At the risk of incurring the ire of the hackers and vandals who took down Sony, allegedly over Rogen and Franco's The Interview, I want to say plainly--my family and I want to see this movie and I'm willing to stand in line at the movie theater to pay for it, +Regal Cinemas and +Santikos Theatres . Though I seldom find Rogen's humor funny, the movie preview piqued my curiosity and tickled my funny bone.

Aside: As an American, I am astonished that any business would cave into the demands of cyber-attackers' demands. Although Sony has made its mis-steps in privacy over the years, America should rally around Sony and proudly display The Interview everywhere simply for what it is--an act of comedy in a free society, free to succeed or fail. Rather than cheering from the sidelines or watching the censorship spectacle, let's demand this movie air in every theatre in the U.S. to send the message--Comedy, no matter how silly, is an expression of a free people. 
Regrettably, the backdrop for Sony's hack highlights a critical error that Chief Technology Officers (CTOs) and the organizations they serve can make--to exchange network security/integrity for political expediency and short-term financial benefits.
Sony failed to secure its computer systems, servers, and databases(“Network”), despite weaknesses that it has know about for years because Sony made a ‘business decision to accept the risk',” the suit claimed...some of the emails released by the attackers show that the company's top lawyer as well as its IT department viewed its security setup as vulnerable to attack but the company didn't take steps to plug worrisome holes. 
Source: Former Employees Sue Sony via SC Magazine

This is a wake-up call to all those people in suits--listen to your network engineers and internet security folks when they say to you, "We have some big holes in our network. We need to close them up."

In K-12 public schools, based on my observations, some common problems that arise include:

  1. A failure to create and verify that backups for critical data exist. Disaster recovery is but a part of this problem.
  2. Data encryption is the BIG hole in the work educators are involved in. . .
    1. How many unencrypted files are on USB flash drives, stored in the cloud (e.g. Dropbox, Drive)? 
    2. How many unencrypted files are sent via "postcard" email, their only safeguard that no one is looking?
    3. How many of your staff are saving their passwords for critical operations unencrypted in text files or in a GoogleDoc?
  3. Unnecessary "holes" in the firewall that allow incoming, inappropriate intrusions.
  4. Failure to maintain anti-virus/malware software or to invest in quality solutions.
  5. Failure to conduct periodic security audits--get someone outside the organization to do it--ensure nothing "creepy" has cyber-crawled into your environment.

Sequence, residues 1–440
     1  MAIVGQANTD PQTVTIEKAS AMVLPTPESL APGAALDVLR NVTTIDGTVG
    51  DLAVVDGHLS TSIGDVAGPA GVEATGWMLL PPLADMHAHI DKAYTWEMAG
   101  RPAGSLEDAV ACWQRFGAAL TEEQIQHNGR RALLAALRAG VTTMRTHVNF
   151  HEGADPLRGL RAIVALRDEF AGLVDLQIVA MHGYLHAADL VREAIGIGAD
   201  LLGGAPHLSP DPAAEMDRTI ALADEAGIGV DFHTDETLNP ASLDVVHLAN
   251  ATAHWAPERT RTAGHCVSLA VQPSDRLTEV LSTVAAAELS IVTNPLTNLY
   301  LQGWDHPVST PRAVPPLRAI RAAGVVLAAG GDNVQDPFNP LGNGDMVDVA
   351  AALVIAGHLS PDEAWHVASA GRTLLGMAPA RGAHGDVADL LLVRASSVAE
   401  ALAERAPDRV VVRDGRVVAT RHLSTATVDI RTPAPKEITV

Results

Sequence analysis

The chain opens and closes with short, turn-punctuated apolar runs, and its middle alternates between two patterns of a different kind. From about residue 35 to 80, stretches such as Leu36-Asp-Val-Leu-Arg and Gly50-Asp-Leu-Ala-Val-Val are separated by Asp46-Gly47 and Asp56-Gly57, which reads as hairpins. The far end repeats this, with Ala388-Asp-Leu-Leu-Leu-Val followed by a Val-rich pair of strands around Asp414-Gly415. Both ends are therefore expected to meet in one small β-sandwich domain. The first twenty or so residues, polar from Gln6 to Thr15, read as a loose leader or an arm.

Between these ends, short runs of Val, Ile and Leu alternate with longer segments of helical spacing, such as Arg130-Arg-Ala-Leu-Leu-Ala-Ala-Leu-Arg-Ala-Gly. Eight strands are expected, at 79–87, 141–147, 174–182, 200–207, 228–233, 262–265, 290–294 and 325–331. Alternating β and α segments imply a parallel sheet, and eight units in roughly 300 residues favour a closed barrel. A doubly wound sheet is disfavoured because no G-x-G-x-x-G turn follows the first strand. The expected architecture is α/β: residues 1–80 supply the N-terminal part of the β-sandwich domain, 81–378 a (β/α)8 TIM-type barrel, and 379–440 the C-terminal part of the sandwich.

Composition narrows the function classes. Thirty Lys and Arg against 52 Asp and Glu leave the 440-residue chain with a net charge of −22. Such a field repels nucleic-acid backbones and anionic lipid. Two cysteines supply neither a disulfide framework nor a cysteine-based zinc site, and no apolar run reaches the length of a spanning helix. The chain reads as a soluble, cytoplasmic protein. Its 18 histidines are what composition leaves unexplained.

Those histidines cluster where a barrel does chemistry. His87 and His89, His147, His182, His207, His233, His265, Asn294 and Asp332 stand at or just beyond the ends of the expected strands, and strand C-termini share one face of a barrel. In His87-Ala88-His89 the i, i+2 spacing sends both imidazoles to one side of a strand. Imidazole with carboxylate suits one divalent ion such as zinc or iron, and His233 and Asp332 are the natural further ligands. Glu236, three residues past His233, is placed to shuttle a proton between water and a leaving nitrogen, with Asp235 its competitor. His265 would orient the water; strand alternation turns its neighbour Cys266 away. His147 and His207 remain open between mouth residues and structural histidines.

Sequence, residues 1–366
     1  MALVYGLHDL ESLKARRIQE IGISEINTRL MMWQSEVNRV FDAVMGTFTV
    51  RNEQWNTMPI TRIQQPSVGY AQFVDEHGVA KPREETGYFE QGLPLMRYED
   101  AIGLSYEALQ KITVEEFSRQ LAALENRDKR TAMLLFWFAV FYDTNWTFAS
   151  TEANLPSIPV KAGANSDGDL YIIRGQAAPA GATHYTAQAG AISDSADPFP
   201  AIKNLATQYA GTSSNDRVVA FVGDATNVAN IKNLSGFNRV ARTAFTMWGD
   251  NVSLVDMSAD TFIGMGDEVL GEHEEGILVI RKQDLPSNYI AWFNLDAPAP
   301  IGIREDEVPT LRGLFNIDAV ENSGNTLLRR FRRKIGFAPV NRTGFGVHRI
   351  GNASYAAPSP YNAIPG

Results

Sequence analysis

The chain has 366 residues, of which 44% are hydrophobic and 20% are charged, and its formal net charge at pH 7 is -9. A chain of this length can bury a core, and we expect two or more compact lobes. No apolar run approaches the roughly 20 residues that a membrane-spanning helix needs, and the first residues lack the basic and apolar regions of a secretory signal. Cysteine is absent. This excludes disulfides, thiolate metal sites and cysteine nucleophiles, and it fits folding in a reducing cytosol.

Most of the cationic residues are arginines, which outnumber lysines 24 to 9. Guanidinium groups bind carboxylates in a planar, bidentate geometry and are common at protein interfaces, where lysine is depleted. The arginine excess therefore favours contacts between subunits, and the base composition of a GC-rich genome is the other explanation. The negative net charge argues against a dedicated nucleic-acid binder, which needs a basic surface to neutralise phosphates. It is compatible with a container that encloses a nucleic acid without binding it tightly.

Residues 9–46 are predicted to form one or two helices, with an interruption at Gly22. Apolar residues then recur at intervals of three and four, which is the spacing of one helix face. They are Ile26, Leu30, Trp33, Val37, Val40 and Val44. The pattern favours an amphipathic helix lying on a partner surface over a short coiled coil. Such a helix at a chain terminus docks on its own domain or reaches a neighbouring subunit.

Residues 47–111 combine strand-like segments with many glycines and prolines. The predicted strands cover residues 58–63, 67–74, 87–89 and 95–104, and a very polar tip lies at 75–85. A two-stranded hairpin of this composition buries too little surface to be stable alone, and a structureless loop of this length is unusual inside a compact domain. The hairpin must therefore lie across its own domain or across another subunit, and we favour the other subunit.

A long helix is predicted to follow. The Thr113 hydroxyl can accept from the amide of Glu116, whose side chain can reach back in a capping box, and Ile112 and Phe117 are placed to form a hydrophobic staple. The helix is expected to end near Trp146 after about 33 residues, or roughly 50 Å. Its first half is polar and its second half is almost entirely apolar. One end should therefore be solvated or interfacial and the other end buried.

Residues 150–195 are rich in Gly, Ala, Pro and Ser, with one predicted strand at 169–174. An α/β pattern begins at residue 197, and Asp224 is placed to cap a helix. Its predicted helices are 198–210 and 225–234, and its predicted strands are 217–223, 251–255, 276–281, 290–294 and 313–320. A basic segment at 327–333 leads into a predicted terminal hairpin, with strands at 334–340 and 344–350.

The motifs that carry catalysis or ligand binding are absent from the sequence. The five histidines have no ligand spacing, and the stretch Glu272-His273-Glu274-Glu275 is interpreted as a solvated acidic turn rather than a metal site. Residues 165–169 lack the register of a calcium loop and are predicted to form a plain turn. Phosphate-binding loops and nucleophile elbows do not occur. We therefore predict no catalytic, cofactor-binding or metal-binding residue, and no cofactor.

6. And, finally, have a plan ready to go in case of a breach or hack.

What would you add?

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Power of Reflection and Tech: 3 Questions @drvcourt @misti227

Source: Wikipedia
David Vaillancourt shares this perspective in his blog, tech-know, article, Why are you doing it?
Teaching becomes more focused and effective when we encourage students to be meta-cognitive and reflective about what they have achieved in relation to their intended goals. We should explicitly explain to students, "we're doing this because... and we're learning this because...", otherwise any intended sense of relevance is lost. 
At the end of his blog post, he suggests a few questions to capture the idea of reflection:
  • What are [you] doing?
  • Why are you doing it?
  • What does this help you do that's important?
As much as I like these questions as a way to foster reflection, one question that I would add is a question that makes connections between life and the task at hand. I often see this in regards to blogging. How does what I'm reading mean something in the context of my professional life?

When I reflect on Misti Smith's discussion of incorporating technology into classroom, I see us asking different questions:
  1. How is technology enabling what you are doing?
  2. How has technology helped you gain a deeper understanding of why you are doing this?
  3. How can technology make doing what's important a collaborative venture rather than a solitary one?

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Friday, December 12, 2014

3 Steps to Leverage Technology for Language Learners

Image Source:

Technology can change the way students communicate in the classroom. It can create new patterns of discourse. 

Looking for some ways to leverage technology to enhance dual language instruction? While the first impulse may be to buy content that has technology components, often materials aren't readily available for purchase. District and campus staff can leverage technology to enhance dual language instruction by using it to create content, facilitate communication between classes, and, then, facilitate sharing.